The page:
Freightliner will continue Slice of Life program through 2010

By Charlie Morasch, Land Line staff writer | 8/25/2009

For nearly a year, OOIDA member Henry Albert has taken his presence to the world of Web logging or blogging. In fall 2007, Albert began driving a 2009 Freightliner Cascadia, reporting back to Freightliner and blogging about the experience at

Other Slice of Trucker Life blogger-drivers include Dick McCorkle and Kurt Grote. 

McCorkle, Carthage, IN, is also an OOIDA member. He drives for Perkins Specialized Transportation in Noblesville, IN, and has been a driver for 44 years. McCorkle was named the 2001 Indiana Motor Truck Association’s Driver of the Year and recently won a sportsmanship award in the Indiana truck rodeo championships, in which he has competed for 42 years.

“Given the positive response we’ve received so far, we decided to extend the program and introduce the drivers to BlueTec emissions technology by giving them three new Cascadia trucks to test drive with DD15’s BlueTec technology,” said Jamie Heck, owner-operator product marketing manager for Freightliner Trucks. “As Kurt, Henry and Dick continue to cross North America, we will be eager to read their blogs and hear their reports detailing their experiences and the performance of these new products.”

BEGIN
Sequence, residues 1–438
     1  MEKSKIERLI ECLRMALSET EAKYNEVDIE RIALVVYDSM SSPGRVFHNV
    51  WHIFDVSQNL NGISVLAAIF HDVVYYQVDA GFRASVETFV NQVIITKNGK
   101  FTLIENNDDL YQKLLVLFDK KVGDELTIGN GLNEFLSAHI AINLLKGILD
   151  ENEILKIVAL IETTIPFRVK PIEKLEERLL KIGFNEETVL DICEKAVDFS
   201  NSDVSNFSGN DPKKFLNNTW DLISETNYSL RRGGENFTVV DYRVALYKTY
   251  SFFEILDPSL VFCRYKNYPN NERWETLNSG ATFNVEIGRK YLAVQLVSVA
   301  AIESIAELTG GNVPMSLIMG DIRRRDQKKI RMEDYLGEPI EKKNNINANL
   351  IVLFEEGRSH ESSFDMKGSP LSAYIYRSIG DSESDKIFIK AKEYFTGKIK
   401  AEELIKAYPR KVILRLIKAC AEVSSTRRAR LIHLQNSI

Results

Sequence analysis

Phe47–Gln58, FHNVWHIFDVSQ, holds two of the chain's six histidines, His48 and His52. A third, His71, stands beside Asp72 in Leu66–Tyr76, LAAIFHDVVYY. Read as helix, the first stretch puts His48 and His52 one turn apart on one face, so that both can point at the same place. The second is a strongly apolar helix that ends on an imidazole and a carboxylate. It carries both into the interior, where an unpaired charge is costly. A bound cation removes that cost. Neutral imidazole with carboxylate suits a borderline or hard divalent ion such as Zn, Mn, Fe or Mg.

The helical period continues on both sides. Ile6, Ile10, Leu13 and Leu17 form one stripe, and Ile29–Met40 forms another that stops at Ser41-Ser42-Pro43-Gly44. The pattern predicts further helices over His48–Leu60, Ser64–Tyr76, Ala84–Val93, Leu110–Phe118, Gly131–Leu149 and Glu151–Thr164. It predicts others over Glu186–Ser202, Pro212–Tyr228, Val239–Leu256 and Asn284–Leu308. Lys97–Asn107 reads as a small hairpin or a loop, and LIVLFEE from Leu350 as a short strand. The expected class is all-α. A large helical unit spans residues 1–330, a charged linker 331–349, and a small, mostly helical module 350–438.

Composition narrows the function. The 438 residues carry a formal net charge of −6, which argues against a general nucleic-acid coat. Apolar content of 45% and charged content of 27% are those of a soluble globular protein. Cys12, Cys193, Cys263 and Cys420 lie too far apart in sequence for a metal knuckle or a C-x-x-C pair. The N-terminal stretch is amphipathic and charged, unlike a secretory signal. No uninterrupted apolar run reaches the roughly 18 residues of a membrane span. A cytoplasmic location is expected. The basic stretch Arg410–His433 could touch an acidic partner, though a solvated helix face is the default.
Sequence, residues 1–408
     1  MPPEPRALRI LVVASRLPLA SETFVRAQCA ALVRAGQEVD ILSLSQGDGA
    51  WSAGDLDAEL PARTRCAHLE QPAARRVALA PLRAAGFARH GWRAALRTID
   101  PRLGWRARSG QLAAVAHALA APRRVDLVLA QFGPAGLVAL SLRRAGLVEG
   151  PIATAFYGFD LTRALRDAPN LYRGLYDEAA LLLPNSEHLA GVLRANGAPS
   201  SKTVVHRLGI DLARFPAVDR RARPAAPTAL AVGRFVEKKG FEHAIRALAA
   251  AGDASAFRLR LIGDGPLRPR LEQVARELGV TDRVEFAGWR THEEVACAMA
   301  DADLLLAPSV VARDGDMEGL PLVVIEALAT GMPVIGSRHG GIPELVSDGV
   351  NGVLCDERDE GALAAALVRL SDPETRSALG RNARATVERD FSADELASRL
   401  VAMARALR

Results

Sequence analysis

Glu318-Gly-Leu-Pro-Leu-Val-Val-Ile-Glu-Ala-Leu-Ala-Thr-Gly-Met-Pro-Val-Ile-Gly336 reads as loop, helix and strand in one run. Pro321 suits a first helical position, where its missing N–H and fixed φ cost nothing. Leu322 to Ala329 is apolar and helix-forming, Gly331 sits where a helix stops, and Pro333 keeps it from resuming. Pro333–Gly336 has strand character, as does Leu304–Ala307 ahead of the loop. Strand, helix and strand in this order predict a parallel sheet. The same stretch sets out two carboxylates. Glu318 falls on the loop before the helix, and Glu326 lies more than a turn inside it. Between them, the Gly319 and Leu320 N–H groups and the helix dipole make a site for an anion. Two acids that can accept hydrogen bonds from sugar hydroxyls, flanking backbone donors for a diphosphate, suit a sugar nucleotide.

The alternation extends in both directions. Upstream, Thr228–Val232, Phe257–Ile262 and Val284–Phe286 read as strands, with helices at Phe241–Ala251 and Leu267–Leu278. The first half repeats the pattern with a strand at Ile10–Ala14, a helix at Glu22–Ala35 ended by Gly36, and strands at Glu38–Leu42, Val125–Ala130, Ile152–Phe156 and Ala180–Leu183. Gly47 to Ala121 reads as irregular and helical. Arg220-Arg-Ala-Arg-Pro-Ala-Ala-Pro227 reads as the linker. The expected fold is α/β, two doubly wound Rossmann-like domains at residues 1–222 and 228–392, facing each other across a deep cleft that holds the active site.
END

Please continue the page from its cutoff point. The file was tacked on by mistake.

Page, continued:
A recent post in Albert’s blog included a brief description of the new Air Slipper aerodynamic side curtains for his 53-foot dry van and the mileage he hopes to improve, though Henry says he enjoys blogging about the positives of life on the road more than technical issues.

“When I blog, I’m usually trying to find something positive,” Albert said. “Before I blogged, I don’t think I was always seeking out those positive things. It’s been great; it’s been a real eye-opener.”

The experience with a major OEM has allowed Albert an insider’s view of truck research, he says, and may even have improved Freightliner’s internal communication.

“A lot of people don’t see all the troubleshooting and all the tests. You can only imagine what would go wrong if they didn’t, when you see all their efforts,” Albert said. “And it’s been good for them. The people we report back to are getting unfiltered information back from us on the truck, whereas before it had to come all the way up through several company levels.”

– By Charlie Morasch, staff writer


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